Taking into account the bio-ecology of a material means to consider it in relation to interactions between plants, animals, humans and cultures and thus the impact of materials use in a larger eco-system. On a micro-level this includes the ecological footprint of a material throughout its lifecycle; on a macro-level the implications of resource promotion globally.
Most materials undergo heavy processing before they reach the market. Reduced environmental impact through responsible use of energy and natural resources, maintenance of biodiversity, preservation of regional ecological balances, enhancement of soil fertility and maintenance of water quality and minimising waste generation are desirable aspects.
- Working with bio-ecologies can require specialist knowledge and/or collaborations as it may span several knowledge domains.
- Lack of transparency and/or data can be barriers for gaining insight into interactions in a larger eco-system.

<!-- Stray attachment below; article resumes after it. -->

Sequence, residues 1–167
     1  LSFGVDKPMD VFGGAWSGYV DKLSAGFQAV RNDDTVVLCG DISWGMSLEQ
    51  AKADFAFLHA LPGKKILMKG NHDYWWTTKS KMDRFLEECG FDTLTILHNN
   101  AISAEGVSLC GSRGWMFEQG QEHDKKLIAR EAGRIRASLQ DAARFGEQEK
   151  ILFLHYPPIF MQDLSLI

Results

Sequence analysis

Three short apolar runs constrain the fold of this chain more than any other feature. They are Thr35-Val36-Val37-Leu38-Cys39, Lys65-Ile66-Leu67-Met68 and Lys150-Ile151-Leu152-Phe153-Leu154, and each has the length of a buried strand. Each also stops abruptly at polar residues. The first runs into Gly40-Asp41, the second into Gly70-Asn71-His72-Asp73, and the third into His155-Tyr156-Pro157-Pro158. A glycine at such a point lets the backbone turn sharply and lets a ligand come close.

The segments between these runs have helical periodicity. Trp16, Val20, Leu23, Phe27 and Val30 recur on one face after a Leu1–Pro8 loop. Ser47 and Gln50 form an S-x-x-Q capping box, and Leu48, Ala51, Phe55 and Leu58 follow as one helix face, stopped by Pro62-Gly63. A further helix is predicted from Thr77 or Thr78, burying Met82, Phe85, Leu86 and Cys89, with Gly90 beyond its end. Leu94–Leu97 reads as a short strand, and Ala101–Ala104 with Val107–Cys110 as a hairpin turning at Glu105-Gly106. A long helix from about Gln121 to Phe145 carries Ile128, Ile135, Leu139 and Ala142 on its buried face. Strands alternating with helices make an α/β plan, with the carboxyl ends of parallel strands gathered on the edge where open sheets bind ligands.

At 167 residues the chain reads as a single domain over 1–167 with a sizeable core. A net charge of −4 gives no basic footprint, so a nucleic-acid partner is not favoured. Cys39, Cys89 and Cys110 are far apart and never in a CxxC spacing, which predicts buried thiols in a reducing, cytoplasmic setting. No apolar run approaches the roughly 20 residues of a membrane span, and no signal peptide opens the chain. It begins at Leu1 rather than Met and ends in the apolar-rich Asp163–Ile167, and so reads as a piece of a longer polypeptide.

- Certifications may not be compatible across systems, countries and organisations.
- The Spanish company, Organic Cotton Colours applies bio-dynamic agricultural strategies including using natural colours of cotton fibres.
- The Global Organic Textile Standard (GOTS) is an international standard for organic textiles, predominantly used for cotton fibres.
- The refinement of metals from mined minerals requires large amounts of energy and generates a lot of waste.
Demos (2016). Decolonizing Nature. Contemporary Art and the Politics of Ecology. Sternberg Press.
Smith et al. (2019). Organic Farming Provides Reliable Environmental Benefits but Increases Variability in Crop Yields: A Global Meta-Analysis. Frontiers in Sustainable Food Systems, vol 3, article 82.